Researchers have explored various methods to enhance nanoparticle dispersion and stability in PCMs, including modifying nanoparticle surfaces during synthesis or adding surfactants to liquid PCMs. Surfactant addition stands out as a low-cost and practical approach. This research introduces a novel paraffin PLUSICE A70 graphene-nano-enhanced PCM with SDBS as a surfactant, which had not been previously reported to the authors’ knowledge. The study aims to investigate how SDBS affects the thermophysical performance and chemical stability of graphene nano-enhanced PCMs after 1000 cycles. Characterization techniques, including FESEM, DSC, FTIR, UV-VIS, and TGA, were employed to examine the materials’ morphology, chemical compatibility, thermal stability, thermophysical properties, and other aspects in detail. The resulting material can be applied in various medium-temperature-based applications, including cooling photovoltaic systems, electronic devices, automotive battery cooling, and hot water systems. The integration of surfactants into graphene-nano-enhanced phase change materials (NePCM) for TES is following the Sustainable Development Goals established by the United Nations, particularly Goals 7 (affordable and clean energy) and 13 (climate change).
The applications of NePCMs in solar energy utilization extend to various sectors, such as solar water heaters, concentrated solar power (CSP) systems, and photovoltaic (PV) cells. NePCMs can store excess thermal energy generated by solar collectors during the day and release it when needed, ensuring a steady and reliable energy supply, even during non-sunlight hours. Additionally, NePCMs can be integrated into heat transfer and storage systems in CSP systems to improve overall efficiency.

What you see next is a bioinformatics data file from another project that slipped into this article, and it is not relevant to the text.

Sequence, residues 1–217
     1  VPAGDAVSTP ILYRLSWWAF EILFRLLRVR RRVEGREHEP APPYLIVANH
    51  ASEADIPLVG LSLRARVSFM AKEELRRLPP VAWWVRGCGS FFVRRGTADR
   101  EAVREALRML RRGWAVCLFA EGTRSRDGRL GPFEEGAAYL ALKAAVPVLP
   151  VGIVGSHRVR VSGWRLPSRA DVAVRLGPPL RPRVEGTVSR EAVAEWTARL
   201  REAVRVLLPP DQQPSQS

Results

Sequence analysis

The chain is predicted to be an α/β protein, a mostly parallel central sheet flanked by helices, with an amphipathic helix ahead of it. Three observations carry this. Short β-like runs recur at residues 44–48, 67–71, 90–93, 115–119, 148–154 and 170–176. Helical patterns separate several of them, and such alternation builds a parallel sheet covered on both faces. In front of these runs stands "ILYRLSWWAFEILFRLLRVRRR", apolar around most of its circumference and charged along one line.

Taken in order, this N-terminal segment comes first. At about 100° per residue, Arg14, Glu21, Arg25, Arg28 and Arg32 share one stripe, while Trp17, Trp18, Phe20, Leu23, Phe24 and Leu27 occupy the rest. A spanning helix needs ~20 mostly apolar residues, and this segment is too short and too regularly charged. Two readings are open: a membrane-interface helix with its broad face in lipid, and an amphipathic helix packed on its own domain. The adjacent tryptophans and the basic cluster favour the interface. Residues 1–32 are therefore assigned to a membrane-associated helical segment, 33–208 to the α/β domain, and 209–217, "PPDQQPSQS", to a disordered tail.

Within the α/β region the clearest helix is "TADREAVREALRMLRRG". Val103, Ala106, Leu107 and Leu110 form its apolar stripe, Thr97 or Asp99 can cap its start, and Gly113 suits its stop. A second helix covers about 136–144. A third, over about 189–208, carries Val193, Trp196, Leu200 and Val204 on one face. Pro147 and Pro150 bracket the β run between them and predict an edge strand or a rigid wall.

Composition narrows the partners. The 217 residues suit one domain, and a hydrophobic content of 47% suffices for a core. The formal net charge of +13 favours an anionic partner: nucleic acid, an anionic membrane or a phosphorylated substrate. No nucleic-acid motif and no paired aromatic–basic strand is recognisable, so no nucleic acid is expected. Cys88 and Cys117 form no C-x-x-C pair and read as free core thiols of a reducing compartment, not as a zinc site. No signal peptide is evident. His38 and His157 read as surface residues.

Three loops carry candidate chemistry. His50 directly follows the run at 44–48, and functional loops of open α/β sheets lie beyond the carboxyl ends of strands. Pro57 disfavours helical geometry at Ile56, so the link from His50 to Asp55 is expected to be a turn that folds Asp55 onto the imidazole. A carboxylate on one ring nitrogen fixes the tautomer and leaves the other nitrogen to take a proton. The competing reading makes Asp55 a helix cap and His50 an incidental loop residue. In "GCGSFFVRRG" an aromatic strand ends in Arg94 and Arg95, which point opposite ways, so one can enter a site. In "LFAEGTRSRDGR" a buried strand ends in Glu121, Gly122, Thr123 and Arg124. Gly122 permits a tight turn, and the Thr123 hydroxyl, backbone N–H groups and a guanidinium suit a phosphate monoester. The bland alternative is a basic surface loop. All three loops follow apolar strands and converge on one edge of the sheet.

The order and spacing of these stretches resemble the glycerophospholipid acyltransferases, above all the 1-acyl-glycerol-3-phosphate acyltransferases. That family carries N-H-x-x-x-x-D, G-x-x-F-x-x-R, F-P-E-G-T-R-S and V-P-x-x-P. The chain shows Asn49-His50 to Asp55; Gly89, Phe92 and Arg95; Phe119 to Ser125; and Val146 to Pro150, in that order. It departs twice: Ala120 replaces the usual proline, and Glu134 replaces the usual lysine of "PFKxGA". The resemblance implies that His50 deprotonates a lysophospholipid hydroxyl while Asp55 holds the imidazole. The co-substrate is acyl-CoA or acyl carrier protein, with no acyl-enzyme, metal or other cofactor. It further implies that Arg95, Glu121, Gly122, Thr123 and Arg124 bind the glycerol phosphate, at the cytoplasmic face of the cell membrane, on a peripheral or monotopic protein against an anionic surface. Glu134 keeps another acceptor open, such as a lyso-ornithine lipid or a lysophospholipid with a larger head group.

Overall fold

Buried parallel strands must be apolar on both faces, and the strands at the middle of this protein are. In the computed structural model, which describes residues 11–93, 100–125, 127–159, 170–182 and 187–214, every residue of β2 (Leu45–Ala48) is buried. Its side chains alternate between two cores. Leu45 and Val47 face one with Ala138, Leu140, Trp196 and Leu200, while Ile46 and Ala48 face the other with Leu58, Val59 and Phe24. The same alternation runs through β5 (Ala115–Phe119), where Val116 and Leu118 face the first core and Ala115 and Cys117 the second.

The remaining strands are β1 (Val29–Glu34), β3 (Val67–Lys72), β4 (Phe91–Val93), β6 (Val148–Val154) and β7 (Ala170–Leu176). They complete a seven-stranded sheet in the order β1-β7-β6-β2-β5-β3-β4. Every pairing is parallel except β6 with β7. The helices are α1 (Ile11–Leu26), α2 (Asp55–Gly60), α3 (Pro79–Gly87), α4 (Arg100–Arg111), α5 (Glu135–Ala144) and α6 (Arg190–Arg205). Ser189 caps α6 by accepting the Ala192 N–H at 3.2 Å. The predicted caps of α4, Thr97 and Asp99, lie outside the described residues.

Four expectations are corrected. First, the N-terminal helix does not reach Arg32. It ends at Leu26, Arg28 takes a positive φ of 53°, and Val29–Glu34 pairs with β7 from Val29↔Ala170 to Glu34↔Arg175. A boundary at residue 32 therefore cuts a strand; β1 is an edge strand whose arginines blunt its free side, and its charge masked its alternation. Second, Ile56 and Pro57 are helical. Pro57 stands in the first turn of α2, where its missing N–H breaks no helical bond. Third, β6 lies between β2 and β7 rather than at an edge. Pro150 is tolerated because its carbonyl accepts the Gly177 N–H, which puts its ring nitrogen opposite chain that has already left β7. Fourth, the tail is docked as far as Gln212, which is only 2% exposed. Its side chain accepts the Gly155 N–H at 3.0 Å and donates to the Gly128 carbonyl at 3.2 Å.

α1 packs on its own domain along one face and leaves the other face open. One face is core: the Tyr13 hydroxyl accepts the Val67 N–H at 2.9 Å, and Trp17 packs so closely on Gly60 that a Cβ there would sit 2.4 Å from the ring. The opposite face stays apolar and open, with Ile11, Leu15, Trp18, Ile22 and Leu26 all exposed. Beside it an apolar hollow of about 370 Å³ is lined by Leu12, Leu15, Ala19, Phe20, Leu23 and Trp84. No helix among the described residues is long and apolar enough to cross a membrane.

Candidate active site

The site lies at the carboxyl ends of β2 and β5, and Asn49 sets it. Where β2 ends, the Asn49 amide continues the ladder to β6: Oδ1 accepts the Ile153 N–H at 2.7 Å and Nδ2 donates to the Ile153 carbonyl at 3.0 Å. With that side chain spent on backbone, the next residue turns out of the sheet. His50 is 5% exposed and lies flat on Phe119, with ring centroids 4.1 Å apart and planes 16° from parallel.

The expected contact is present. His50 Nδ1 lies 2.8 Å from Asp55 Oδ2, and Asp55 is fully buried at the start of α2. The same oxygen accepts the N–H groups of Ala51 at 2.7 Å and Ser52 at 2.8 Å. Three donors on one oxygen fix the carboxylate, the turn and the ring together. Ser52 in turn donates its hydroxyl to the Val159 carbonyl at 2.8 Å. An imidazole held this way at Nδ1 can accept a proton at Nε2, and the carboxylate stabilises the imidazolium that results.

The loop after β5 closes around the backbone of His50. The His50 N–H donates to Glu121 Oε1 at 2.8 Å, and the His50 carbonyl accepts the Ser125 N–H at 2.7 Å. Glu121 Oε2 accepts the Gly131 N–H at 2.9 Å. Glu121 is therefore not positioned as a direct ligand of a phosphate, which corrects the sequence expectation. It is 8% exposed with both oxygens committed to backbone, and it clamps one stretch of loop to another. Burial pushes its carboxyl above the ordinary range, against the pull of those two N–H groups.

While the prospects for NePCMs in solar energy are promising, several challenges must be addressed. These challenges include the selection of suitable nanoparticles, encapsulation techniques, material compatibility, and long-term stability. Furthermore, the economic feasibility and scalability of NePCM-based solar systems are critical factors to consider for widespread adoption.

2. Materials and Methodology

2.1. Materials

Graphene nanoplatelets (GNP) with an average size of <2 µm, a surface area of 300 m2/g, and 100% purity were procured from Sigma-Aldrich Chemistry (St. Louis, MO, USA). Additionally, SDBS surfactant was employed as the emulsifier for the Carbon-based nanoparticles. The PCM PLUSICE A70 was acquired from PCM Products Ltd. (Peterborough, UK), and the manufacturer’s specifications indicate a phase transition temperature of 70 °C and a latent heat (LH) of 173 kJ/kg. The properties of PLUSICE A70, GNP, and SDBS are detailed in Table 1.

2.2. Preparation of Nanocomposites

The weight of the PCM was measured using an analytical macro balance, namely the TX323XL type manufactured by UNIBLOC (Kennesaw, GA, USA). The nanoparticles were weighed using an OHAUS (Parsippany, NJ, USA) EX224-type analytical microbalance. To enhance the distribution of nanoparticles within the PCM, the researchers employed probe sonication Model FS 1200N from Henan Chengyi Co., Ltd. (Zhengzhou, China). The synthesis of GNP included with surfactant within A70 PCM was conducted using a two-step procedure, as depicted by researchers Faisal et al. [22] in Figure 1. The first phase included melting the PCM, which was achieved by transferring the pure PCM into a beaker and then placing it on a hot plate. Subsequently, the substance was subjected to a temperature of 70 °C until the PCM underwent complete liquefaction. The integration of nanoparticles into the molten PCM was conducted as the second phase. Following that, the introduction of pristine graphene nanoplatelets (GNP) and the SDBS was integrated into the melting PCM.